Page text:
Editorial: Police must open up on data collection


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Thought you only had to worry about the growing American surveillance state from the likes of the National Security Agency? Think again.

The Des Moines Register reported on Sunday that there are signs that over the past two years, Iowa law-enforcement agencies have been collecting data via “tower dumps.”

Tower dumps involve police departments requesting all records on call, text, and data sent through local cell towers over a given period of time, usually about when a certain crime occurred.

Whenever a mobile phone user is checking her or his email, using social media, or communicating with another person, that device is sending and receiving signals to and from the nearest cell tower.

Although the state of Iowa’s official policy requires obtaining a warrant before requesting troves of data through tower dumps, that doesn’t mean local police departments have to. According to an article in the University of Pennsylvania Journal of Constitutional Law, these tower dumps reveal an enormous amount of information and can simply be obtained through a subpoena.

“Subscriber or customer information also available based on a law-enforcement request may include the person’s name; address; telephone call records, including times and durations; lengths and types of services; subscriber number or identity; means and source of payment, including bank-account number or credit-card number; date of birth; Social Security number; and driver’s license number.”

As if that isn’t bad enough, there seems to be absolutely no transparency in the entire espionage operation against Iowans.

The Register reported that Iowa Department of Public Safety refused to say which police departments it assisted in analyzing cell data and how many tower dumps have occurred. The Department of Administrative Services also (as of Sunday) refused an open-records request for documents with information on payments that the Iowa Department of Public Safety made to a company that produces cell-tower simulators, devices that can intercept signals sent between mobile phones and towers.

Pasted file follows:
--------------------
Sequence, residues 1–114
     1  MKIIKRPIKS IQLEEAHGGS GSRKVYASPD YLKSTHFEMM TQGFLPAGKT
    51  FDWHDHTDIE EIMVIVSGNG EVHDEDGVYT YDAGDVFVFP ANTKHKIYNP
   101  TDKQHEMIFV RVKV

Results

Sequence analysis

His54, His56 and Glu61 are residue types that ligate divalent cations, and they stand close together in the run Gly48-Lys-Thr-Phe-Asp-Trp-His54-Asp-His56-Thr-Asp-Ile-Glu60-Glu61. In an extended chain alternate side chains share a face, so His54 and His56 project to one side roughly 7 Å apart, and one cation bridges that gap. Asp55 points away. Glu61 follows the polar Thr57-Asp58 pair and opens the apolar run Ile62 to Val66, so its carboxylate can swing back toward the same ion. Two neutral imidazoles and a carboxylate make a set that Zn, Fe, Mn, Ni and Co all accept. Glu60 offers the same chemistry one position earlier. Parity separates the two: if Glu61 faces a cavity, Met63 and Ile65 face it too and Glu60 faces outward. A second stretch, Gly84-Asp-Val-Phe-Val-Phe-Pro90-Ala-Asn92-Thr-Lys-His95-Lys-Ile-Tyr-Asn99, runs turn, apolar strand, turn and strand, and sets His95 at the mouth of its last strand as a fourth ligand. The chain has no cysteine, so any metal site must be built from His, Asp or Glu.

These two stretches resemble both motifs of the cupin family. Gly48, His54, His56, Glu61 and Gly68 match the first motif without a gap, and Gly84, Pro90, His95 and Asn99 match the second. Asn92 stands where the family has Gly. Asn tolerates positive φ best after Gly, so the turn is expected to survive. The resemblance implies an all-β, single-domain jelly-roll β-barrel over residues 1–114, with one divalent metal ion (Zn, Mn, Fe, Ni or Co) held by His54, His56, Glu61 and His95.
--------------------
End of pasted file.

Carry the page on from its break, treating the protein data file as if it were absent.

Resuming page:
Iowa’s law-enforcement officials seem to want the public to simply trust them. And that would be lovely if they all had hearts of gold, but there are too many instances in which the police have abused their power for us to reasonably trust that Iowa’s law-enforcement officials will always do the right thing when handling sensitive personal information.

After all, it was the law-enforcement community that brought the United States such scandals as the Counter Intelligence Program (better known as COINTELPRO), in which the FBI infiltrated and sabotaged political organizations during the 1970s. More recently, law-enforcement agencies have employed agents to infiltrate mosques and spy on the Occupy Movement. There have been numerous complaints of border agents using excessive force near the U.S.-Mexico border, including detention for no apparent reason along with illegally searching and confiscating private property.

Not surprisingly, the National Security Agency has also been involved in some shifty activities. An internal audit of the agency detailed 2,776 instances in which the NSA violated court orders for surveillance that occurred from April 2011 to March 2012.

We don’t think every single person or even most individuals in the law-enforcement community are “bad people.” However, the historical record, both looking well into the past through today, shows that when entrusting a small group of people with substantial power, some will abuse their authority. That is why transparency is non-negotiable, especially when dealing with something as precious as civil liberties.

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